Auditor Independence: Will “Crisis” Cause Compromise?

Back in February, I reminded you of the good things about the Sarbanes-Oxley Act.

“When the Sarbanes-Oxley Act was passed in the summer of 2002, largely as a rushed reaction to Enron, it did get a few key things right.  Notwithstanding the long debate we’ve had about cost/benefit or why it didn’t prevent the subprime crisis or large frauds such as Satyam and Madoff, both of which are derivative discussions for later, there were a few important changes that still make a difference.”

Section 201-209 had a significant impact on the audit firms because it prohibited auditors from providing certain other services to their audit clients.  This change was the result of a long simmering debate about auditor independence but made possible, finally, by the ‘cornered-the-market” behavior of Arthur Andersen as auditor, internal auditor, and chief consultant for Enron.

From the Wall Street Journal in February of 2002:

“…The push to outsource oversight of Enron’s internal-audit function came out of discussions from Enron’s audit committee in the early 1990s, according to depositions. Robert K. Jaedicke, the audit committee’s longtime chairman and former dean of Stanford University’s Graduate School of Business, favored the idea of an “integrated audit,” Mr. Hooten said in his deposition.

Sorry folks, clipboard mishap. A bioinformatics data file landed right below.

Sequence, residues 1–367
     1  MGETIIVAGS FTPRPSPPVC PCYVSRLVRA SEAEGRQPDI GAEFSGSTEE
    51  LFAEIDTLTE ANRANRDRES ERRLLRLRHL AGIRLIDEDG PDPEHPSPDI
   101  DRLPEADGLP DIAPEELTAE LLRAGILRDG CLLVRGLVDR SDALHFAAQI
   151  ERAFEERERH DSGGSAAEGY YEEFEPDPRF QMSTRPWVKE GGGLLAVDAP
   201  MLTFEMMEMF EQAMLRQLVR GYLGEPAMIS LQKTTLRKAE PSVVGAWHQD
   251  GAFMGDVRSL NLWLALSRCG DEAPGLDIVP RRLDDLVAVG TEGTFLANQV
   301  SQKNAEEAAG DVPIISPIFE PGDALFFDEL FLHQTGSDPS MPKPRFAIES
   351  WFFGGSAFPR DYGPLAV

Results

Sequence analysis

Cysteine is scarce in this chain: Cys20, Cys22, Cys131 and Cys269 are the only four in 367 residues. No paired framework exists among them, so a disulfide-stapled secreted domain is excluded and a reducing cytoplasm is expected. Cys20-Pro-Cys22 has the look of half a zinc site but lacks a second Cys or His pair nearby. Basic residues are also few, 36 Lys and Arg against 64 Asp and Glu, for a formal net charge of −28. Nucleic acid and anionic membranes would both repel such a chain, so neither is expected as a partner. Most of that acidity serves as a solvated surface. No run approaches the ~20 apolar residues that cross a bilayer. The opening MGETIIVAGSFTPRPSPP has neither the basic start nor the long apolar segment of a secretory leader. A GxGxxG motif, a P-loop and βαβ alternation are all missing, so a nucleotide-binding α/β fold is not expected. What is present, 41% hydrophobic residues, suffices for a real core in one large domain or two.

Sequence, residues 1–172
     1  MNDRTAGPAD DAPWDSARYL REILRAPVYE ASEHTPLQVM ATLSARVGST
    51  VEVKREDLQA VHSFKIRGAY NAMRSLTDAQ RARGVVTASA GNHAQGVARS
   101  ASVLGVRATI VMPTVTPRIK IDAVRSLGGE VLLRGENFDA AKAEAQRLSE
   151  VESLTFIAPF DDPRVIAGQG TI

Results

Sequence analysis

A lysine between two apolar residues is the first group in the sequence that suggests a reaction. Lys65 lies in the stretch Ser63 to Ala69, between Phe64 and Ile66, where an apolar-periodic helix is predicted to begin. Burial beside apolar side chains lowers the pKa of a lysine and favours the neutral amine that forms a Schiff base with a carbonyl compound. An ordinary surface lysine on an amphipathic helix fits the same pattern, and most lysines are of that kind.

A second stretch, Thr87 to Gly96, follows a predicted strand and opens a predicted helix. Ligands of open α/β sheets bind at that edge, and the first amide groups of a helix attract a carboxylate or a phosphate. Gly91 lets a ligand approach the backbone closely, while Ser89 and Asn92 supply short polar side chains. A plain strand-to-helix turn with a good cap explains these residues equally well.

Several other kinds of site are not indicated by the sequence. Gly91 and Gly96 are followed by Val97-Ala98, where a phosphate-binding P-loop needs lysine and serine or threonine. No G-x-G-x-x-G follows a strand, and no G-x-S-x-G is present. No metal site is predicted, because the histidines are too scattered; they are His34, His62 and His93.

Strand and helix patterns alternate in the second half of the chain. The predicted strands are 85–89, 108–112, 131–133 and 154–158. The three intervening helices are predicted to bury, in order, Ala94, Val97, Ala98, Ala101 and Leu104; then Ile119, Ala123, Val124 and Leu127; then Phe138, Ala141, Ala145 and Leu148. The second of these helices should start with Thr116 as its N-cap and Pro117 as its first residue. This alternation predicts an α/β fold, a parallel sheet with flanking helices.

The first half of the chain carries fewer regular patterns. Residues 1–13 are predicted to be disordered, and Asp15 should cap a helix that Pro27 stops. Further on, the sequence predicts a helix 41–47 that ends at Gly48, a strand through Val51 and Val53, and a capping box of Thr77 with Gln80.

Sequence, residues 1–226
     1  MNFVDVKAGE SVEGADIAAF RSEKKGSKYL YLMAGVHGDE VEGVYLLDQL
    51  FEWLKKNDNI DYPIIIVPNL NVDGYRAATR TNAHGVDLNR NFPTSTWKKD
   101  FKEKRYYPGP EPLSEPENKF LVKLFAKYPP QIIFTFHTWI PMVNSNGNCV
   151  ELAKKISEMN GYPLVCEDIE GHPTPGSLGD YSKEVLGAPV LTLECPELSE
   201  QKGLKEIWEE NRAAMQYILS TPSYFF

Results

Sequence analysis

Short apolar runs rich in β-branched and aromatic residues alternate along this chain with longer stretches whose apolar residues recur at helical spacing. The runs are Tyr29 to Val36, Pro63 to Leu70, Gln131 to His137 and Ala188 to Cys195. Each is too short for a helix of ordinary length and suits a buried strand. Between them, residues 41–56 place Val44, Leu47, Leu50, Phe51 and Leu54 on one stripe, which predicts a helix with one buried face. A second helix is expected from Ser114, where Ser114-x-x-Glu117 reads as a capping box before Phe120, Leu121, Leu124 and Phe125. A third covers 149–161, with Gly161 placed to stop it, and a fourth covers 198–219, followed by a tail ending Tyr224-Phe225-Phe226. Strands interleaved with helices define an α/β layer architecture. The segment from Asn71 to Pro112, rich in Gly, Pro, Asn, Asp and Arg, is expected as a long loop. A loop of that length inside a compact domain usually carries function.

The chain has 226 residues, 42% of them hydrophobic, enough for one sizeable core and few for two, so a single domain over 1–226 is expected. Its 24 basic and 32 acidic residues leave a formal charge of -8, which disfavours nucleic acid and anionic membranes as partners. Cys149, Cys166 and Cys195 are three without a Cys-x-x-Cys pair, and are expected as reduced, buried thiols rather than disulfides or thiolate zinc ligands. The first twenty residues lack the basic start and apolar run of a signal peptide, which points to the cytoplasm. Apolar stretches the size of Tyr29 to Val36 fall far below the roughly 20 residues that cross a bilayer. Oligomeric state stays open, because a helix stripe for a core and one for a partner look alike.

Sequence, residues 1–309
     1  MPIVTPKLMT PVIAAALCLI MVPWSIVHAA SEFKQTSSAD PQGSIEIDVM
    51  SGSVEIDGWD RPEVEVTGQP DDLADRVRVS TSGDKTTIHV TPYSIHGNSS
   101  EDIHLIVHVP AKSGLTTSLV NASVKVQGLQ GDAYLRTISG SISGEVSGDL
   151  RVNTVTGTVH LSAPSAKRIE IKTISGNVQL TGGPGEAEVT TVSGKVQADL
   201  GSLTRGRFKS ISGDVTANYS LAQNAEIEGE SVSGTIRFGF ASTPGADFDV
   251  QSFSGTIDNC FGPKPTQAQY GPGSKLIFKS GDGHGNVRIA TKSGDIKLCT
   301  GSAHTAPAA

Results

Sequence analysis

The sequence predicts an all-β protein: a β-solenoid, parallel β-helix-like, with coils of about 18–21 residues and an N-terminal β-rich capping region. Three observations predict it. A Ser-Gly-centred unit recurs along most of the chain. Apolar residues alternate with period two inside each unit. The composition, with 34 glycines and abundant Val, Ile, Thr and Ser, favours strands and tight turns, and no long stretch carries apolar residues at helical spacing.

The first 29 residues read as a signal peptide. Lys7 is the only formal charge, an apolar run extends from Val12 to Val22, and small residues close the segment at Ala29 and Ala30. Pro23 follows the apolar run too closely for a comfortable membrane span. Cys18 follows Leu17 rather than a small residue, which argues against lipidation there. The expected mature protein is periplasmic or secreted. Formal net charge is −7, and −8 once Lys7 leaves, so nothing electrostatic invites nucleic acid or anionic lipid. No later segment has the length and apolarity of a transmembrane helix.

Mr. Jaedicke’s attorney, W. Neil Eggleston, said in an interview that Mr. Jaedicke agreed that outsourcing oversight of Enron’s internal-audit function, where Andersen auditors reviewed checks and balances, was a good idea because Andersen’s expertise would provide more “real-time analysis” of whether Enron’s controls were effective.

Andersen had a clear leg up in winning the business. Since 1986, Andersen had been auditor of Enron and its predecessor company. Jack Tompkins, who had headed Andersen’s Houston office for years, was Enron’s chief information and accounting officer during the early 1990s when the contract was being pursued.